Books of 2015
This year was pitiful for my nerdy reading reputation as I only read 6 books. I've decided to share 5 with you so here goes!
The Girl on the Train
By Paula Hawkins
A debut psychological thriller that will forever change the way you look at other people’s lives.
Rachel takes the same commuter train every morning. Every day she rattles down the track, flashes past a stretch of cozy suburban homes, and stops at the signal that allows her to daily watch the same couple breakfasting on their deck. She’s even started to feel like she knows them. “Jess and Jason,” she calls them. Their life—as she sees it—is perfect. Not unlike the life she recently lost.
And then she sees something shocking. It’s only a minute until the train moves on, but it’s enough. Now everything’s changed. Unable to keep it to herself, Rachel offers what she knows to the police, and becomes inextricably entwined in what happens next, as well as in the lives of everyone involved. Has she done more harm than good?
Why you should read it: Because the movie is coming out this year and we all know books are always better than the movie!
The Husband’s Secret
By Liane Moriarty
At the heart of The Husband’s Secret is a letter that’s not meant to be read
My darling Cecilia, if you’re reading this, then I’ve died...
Imagine that your husband wrote you a letter, to be opened after his death. Imagine, too, that the letter contains his deepest, darkest secret—something with the potential to destroy not just the life you built together, but the lives of others as well. Imagine, then, that you stumble across that letter while your husband is still very much alive...
Cecilia Fitzpatrick has achieved it all—she’s an incredibly successful businesswoman, a pillar of her small community, and a devoted wife and mother. Her life is as orderly and spotless as her home. But that letter is about to change everything, and not just for her: Rachel and Tess barely know Cecilia—or each other—but they too are about to feel the earth-shattering repercussions of her husband’s secret.
Acclaimed author Liane Moriarty has written a gripping, thought-provoking novel about how well it is really possible to know our spouses—and, ultimately, ourselves.
Why you should read it: Because it is actually quite gripping, it kept me guessing at every turn.
Luckiest Girl Alive
By Jessica Knoll
As a teenager at the prestigious Bradley School, Ani FaNelli endured a shocking, public humiliation that left her desperate to reinvent herself. Now, with a glamorous job, expensive wardrobe, and handsome blue blood fiancé, she’s this close to living the perfect life she’s worked so hard to achieve.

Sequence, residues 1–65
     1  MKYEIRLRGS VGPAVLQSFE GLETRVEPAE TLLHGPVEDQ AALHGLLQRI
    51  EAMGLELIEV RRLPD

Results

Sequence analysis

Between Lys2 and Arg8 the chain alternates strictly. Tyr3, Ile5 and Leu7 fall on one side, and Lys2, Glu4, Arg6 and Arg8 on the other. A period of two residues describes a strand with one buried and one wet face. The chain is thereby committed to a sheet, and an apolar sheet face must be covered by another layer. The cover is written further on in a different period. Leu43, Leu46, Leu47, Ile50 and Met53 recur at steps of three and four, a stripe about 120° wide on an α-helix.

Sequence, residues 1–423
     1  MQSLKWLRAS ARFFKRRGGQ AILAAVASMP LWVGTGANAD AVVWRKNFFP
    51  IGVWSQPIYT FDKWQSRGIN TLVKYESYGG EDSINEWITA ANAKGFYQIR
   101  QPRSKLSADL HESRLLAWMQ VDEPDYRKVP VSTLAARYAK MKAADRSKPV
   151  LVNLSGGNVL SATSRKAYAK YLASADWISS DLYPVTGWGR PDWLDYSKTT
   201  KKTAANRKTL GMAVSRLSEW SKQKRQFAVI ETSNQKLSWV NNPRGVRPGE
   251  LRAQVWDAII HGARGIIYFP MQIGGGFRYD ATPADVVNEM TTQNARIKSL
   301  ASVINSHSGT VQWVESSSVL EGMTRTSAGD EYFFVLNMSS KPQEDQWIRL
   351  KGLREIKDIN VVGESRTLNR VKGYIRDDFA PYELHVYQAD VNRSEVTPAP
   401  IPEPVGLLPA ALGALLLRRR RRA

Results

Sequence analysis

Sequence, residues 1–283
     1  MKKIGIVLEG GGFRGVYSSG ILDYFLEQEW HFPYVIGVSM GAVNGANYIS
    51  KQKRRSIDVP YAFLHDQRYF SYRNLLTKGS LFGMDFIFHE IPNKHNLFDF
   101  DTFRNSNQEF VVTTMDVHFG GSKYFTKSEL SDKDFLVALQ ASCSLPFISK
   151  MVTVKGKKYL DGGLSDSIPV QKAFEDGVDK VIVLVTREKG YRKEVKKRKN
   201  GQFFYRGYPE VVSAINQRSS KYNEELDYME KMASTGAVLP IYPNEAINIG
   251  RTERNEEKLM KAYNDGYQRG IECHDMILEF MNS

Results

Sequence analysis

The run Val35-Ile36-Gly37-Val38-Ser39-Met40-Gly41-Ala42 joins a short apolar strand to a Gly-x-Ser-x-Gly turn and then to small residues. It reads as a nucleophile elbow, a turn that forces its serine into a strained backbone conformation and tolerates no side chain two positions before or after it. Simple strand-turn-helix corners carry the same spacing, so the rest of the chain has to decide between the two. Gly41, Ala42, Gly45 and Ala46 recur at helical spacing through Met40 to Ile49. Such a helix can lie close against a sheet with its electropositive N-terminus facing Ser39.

But Ani has a secret.
There’s something else buried in her past that still haunts her, something private and painful that threatens to bubble to the surface and destroy everything.
With a singular voice and twists you won’t see coming, Luckiest Girl Alive explores the unbearable pressure that so many women feel to “have it all” and introduces a heroine whose sharp edges and cutthroat ambition have been protecting a scandalous truth, and a heart that's bigger than it first appears.
The question remains: will breaking her silence destroy all that she has worked for—or, will it at long last, set Ani free?
Why you should read it: Don’t, I was expecting something more like The Girl on the Train and I didn't get it. This book was seriously lacking and the way Ani’s secret comes out is extremely anti-climactic. Maybe the 2016 movie adaptation will be better...
The Marco Effect: A Department Q Novel
By Jussi Adler-Olsen
All fifteen-year-old Marco Jameson wants is to become a Danish citizen and go to school like a normal teenager. But his uncle Zola rules his former gypsy clan with an iron fist. Revered as a god and feared as a devil, Zola forces the children of the clan to beg and steal for his personal gain. When Marco discovers a dead body—proving the true extent of Zola’s criminal activities—he goes on the run. But his family members aren’t the only ones who’ll go to any lengths to keep Marco silent... forever.
Meanwhile, the last thing Detective Carl Mørck needs is for his assistants, Assad and Rose, to pick up a missing persons case on a whim: Carl’s nemesis is his new boss, and he’s saddled Department Q with an unwelcome addition. But when they learn that a mysterious teen named Marco may have as much insight into the case as he has fear of the police, Carl is determined to solve the mystery and save the boy. Carl’s actions propel the trio into a case that extends from Denmark to Africa, from embezzlers to child soldiers, from seemingly petty crime rings to the very darkest of cover-ups.
Why you should read it: Because this is the worst of the first four books and it’s still really good.
The Maze Runner
By James Dashner
If you ain’t scared, you ain’t human.
When Thomas wakes up in the lift, the only thing he can remember is his name. He’s surrounded by strangers—boys whose memories are also gone.
Nice to meet ya, shank. Welcome to the Glade.
Outside the towering stone walls that surround the Glade is a limitless, ever-changing maze. It’s the only way out—and no one’s ever made it through alive.
Everything is going to change.
Then a girl arrives. The first girl ever. And the message she delivers is terrifying.
Remember. Survive. Run.
Why you should read it: Because the movies suck.